Or, basically, the same thing I do on all my days off.

  2. I miss a question about shaky-cam action Vs good action.

  3. Brandon L. Summers

    September 24th, 2013 at 7:20 am

    I watched a movie called “Legion of Iron” (’90) and he’s not credited on IMDb but Florentine was Second Assistant Director, pre-“Power Rangers.” It’s maybe even his earliest work? The film is about a teen forced to compete in an underground gladiator tournament.

  4. This is his earliest work: http://www.imdb.com/title/tt0165772/?ref_=nm_flmg_dr_26

    It’s a short film made in Israel, but it’s got plenty of action and style for 1987. It’s pretty clear even then that he had the chops to go places.

  5. I’m so excited about this but who knows when it’ll show up here in the UK? It’s such a shame it won’t get a cinema release – at least, I don’t think so. Man, if I won the lottery I’d buy a little cinema and show stuff like this exclusively.

  6. Guys, I’ve been partying with Isaac Florentine all week at Fantastic Feat. He’s a really cool dude and really grateful anyone likes his movies. He’s so humble, he has no idea.

  7. I’m not saying I’m not grateful for all this NINJA 2 content, but wasn’t it fairly recently that Vern was slagging off AICN for their gushing set visits and E-E-E-EXCLUSIVE interviews?

  8. Crustacean – I believe I made fun of set visits in general, not specifically AICN. But I was questioning the set visits where they just write about walking around and what they saw and stuff, this is straight interviews other than the intros, which I think makes more sense.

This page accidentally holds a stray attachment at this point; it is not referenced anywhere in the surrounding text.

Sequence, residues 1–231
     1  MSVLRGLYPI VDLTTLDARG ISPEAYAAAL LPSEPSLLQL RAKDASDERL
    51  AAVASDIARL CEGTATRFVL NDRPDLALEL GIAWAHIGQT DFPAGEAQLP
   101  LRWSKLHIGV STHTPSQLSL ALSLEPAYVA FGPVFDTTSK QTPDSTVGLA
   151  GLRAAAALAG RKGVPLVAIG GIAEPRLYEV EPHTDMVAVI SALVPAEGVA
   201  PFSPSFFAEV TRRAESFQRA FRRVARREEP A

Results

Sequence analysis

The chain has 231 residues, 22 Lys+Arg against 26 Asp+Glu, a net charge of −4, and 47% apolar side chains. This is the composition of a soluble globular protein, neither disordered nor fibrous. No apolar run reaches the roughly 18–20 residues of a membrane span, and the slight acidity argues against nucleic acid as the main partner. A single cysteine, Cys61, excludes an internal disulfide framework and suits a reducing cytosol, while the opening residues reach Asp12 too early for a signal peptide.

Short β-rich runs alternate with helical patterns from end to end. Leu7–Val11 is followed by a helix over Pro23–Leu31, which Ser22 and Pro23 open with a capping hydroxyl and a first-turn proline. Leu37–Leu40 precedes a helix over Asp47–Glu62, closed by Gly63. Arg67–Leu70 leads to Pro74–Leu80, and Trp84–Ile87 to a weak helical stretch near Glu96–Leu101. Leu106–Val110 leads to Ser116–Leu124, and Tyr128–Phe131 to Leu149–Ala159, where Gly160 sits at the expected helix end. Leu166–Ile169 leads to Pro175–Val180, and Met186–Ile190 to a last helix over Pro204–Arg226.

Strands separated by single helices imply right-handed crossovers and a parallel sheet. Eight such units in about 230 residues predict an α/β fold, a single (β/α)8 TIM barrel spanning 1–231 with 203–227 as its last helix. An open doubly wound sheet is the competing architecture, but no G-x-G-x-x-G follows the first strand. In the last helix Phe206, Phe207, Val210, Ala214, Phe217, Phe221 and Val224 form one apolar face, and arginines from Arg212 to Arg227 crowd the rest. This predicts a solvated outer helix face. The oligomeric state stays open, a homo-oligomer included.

But anyway, I don’t foresee myself running many things like this, but when david offered it I said yes since so many of us are long time advocates of Florentine, Adkins, NINJ* and ninjas. I mean, if somebody is gonna pay this kinda attention to great DTV action then I gotta support it.

    There will be two more interviews, by the way, then our only ninja activity for a while will be what we do in our personal lives.

  9. I don’t think running someone else’s interviews violates this sight’s stringent ethical code at all. I seem to recall that Vern also had a problem with the fact that the people doing the set visits would be the same ones writing the reviews, which seemed to influence what they though of the movie. Not even necessarily on a conscious level. It’s just hard to come at a movie with fresh eyes when you’ve had lunch with the director and the stars and watched some scenes get shot and know exactly what everyone was going for on the day. Since Vern wasn’t the one doing the set visit and having these on-set experiences, I doubt his review will be biased in that way. He’s still the telling-it-like-it-is outsider he always was.